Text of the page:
Not all oils are made equal. Most of the oils in our cupboards are unsuited to making paint. If applied to any surface, they would remain hopelessly sticky, if not merely liquid, forever. Oils for paint must be carefully selected for their ability to ‘dry.’ Unlike water-based mediums like acrylics, oils do not ‘dry’ through an evaporative process but undergo a chemical reaction that changes the liquid oil into a solid film. This is partly why oil paints can be more highly pigmented than water-based acrylic paints – they exhibit no volume loss on drying, leaving the maximum amount of binder to hold the colour particles.

Within a bottle of oil is a mixture of fats called lipids. The properties of these lipids, and the oil, are defined largely by the content of even smaller component parts, the fatty acids. You may recognize some broad categories found on nutritional labels like saturated, unsaturated and trans-fats. In drying oils used to make paint, the majority of fatty acids will be unsaturated, meaning they contain chemically reactive sites that will allow the oil to undergo a complex series of reactions called polymerization. In the presence of oxygen, the reactive sites slowly link together, transforming the free-flowing lipid molecules into a solid film formed by a large tangled network.

Historically and to this day, linseed oil continues to be one of the most popular drying oils. It’s extracted from the flax plant, also the source of linen, long used as a canvas for painting. Jan Van Eyck is often falsely miscredited for inventing oil painting in the 15th for his mastery of his technique – finely glazing and blending layers of linseed oil paint.[i] Linseed oil became the most popular drying oil for paint because it contains a high portion of the fatty acid linolenic acid. With several reactive sites, linolenic acid gives linseed oil the fastest drying rate of any unmodified, natural oil. The many bonds created between these fatty acids also create a robust, strong oil film. Nearly every painting you see preserved in a museum for us to enjoy owes its thanks to the humble flax plant – linseed oil remained a staple from the wild Renaissance works of Hieronymus Bosch, to the modernists of the 20th century.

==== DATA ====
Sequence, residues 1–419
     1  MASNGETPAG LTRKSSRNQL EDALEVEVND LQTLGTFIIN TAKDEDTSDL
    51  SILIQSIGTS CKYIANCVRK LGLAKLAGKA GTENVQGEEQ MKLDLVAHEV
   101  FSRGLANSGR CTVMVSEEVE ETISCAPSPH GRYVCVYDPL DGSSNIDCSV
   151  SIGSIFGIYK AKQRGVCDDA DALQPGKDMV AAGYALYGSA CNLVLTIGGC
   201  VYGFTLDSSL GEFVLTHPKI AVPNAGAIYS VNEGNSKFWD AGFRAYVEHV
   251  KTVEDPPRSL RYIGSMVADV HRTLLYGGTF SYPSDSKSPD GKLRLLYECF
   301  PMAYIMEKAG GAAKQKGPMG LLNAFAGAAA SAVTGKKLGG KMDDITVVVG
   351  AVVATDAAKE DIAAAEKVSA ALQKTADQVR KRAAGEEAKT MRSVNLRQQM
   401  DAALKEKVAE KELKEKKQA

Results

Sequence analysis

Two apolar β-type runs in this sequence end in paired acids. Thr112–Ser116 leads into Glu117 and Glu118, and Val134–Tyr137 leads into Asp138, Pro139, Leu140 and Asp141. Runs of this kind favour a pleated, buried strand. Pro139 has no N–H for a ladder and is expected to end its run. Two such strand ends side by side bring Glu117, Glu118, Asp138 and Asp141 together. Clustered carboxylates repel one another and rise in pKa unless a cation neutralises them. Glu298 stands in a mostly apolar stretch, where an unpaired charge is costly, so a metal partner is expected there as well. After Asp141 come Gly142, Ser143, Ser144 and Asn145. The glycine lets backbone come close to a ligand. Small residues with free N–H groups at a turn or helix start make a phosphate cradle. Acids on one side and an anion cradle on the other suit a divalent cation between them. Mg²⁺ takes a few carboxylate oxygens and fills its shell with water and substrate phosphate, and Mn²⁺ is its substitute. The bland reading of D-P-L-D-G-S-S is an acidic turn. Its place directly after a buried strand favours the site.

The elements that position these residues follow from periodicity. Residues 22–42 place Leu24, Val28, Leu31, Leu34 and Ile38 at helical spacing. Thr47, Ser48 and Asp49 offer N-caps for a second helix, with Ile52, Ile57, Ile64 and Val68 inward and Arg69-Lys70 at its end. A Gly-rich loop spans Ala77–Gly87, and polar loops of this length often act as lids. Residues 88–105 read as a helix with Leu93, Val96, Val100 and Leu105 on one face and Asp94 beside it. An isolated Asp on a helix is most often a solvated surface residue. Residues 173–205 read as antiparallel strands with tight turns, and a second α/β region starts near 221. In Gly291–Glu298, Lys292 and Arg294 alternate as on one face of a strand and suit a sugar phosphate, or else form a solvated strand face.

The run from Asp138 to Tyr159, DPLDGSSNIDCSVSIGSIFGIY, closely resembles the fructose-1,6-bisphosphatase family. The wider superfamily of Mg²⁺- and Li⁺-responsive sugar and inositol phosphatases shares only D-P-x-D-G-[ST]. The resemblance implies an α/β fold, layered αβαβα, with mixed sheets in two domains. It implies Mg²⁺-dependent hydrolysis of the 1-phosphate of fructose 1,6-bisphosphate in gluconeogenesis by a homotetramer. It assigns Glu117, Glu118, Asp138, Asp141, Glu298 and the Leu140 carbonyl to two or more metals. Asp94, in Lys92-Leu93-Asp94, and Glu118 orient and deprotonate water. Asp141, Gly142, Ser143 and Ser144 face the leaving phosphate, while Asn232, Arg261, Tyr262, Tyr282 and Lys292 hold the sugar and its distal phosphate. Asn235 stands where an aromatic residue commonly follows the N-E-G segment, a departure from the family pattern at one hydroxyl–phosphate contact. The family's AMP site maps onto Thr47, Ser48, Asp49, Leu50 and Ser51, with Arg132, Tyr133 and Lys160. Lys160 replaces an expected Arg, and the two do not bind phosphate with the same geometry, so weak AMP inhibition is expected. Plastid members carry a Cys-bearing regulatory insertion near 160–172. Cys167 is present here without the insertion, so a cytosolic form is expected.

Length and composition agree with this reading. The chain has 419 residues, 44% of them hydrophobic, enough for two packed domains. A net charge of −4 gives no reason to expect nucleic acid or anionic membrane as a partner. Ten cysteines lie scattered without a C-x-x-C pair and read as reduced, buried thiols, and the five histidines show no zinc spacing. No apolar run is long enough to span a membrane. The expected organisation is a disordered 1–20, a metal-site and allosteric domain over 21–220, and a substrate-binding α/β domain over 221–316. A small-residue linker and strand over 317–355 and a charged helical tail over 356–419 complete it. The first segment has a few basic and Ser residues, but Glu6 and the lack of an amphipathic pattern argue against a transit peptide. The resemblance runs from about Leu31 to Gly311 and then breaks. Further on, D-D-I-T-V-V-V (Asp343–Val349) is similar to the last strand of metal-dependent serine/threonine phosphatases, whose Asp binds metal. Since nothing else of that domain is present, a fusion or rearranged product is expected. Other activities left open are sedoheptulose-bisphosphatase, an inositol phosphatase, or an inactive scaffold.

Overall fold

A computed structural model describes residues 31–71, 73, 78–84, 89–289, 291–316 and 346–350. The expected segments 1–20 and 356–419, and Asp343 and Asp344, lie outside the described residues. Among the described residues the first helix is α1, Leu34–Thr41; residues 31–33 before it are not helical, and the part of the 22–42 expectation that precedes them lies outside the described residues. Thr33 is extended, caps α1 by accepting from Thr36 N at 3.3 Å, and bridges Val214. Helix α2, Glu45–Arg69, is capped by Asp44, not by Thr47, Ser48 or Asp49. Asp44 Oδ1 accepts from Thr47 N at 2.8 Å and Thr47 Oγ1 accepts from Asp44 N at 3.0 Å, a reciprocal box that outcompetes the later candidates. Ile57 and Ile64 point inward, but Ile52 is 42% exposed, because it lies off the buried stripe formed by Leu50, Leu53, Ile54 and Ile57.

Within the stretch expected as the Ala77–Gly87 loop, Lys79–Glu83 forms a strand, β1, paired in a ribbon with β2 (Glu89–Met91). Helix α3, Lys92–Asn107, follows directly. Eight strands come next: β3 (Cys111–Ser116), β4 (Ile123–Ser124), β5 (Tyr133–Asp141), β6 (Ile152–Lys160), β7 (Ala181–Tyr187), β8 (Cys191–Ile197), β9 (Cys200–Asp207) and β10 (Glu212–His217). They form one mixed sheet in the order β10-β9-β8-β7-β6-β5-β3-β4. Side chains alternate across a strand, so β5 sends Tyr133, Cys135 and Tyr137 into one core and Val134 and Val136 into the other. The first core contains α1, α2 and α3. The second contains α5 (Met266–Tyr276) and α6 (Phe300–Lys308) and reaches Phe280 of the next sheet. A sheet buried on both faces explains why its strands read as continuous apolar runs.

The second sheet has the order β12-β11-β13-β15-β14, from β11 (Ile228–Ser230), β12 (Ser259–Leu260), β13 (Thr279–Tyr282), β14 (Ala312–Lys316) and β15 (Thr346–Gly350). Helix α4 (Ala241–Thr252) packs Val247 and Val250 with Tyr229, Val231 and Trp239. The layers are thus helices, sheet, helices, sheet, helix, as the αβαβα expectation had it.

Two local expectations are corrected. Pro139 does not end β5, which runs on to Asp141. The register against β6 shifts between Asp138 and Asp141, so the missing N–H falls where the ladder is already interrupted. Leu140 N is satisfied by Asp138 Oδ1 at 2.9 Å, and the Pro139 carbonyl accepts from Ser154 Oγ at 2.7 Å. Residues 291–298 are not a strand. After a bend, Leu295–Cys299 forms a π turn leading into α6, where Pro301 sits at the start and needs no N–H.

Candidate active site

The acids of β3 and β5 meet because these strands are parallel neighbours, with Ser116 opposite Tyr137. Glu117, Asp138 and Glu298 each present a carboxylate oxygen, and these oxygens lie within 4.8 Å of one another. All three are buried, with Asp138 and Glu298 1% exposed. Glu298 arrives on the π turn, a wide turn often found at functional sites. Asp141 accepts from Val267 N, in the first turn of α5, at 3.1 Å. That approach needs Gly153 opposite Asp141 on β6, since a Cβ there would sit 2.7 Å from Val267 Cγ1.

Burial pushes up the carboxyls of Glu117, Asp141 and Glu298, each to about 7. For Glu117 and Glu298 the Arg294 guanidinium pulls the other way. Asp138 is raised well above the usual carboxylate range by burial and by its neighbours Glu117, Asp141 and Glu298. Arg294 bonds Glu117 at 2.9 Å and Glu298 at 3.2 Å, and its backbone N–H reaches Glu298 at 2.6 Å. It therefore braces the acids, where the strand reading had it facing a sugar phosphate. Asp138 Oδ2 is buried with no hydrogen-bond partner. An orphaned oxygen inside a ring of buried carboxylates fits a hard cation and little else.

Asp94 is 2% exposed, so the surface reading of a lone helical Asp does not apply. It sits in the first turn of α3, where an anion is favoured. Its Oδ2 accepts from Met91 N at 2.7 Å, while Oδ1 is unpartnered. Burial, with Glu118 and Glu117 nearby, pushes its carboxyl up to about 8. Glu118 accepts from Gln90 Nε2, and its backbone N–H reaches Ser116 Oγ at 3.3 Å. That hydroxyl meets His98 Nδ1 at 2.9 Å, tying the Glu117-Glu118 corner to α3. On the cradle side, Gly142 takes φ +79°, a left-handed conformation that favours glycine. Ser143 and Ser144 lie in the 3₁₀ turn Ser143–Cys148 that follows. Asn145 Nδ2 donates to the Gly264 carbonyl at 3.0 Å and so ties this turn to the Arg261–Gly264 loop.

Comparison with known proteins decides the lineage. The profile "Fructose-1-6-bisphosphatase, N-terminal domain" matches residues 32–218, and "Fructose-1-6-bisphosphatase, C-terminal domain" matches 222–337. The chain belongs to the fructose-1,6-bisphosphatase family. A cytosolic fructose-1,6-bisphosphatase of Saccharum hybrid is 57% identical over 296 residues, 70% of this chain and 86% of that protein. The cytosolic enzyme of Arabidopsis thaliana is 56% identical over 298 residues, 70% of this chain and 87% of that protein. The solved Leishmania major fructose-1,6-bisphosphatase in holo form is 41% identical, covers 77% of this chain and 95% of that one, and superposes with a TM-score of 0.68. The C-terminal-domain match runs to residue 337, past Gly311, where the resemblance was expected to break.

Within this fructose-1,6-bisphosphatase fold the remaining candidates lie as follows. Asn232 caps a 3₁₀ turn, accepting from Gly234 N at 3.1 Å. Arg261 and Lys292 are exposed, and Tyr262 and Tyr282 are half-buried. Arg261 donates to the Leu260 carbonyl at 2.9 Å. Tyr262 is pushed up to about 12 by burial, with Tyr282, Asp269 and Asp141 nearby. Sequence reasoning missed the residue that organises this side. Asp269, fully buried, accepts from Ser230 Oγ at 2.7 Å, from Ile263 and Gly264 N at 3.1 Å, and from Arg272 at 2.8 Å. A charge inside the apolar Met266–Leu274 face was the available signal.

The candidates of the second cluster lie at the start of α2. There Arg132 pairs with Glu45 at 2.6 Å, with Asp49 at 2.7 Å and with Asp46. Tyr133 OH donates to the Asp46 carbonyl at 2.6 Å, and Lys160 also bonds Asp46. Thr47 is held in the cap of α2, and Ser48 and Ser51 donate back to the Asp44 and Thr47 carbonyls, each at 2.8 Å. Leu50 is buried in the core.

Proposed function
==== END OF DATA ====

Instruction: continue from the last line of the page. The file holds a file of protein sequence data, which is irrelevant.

Flowers of the flax plant (Linum usitatissimum), Ottawa, Ontario, Canada by D. Gordon E. Robertson. CC BY-SA 3.0.

Jan Van Eyck. The Arnolfini Portrait, oil on oak, 1434. National Gallery, London. Public Domain, via Wiki Images. Jan Van Eyck is often falsely credited with inventing oil painting for his early and sublime mastery of the media.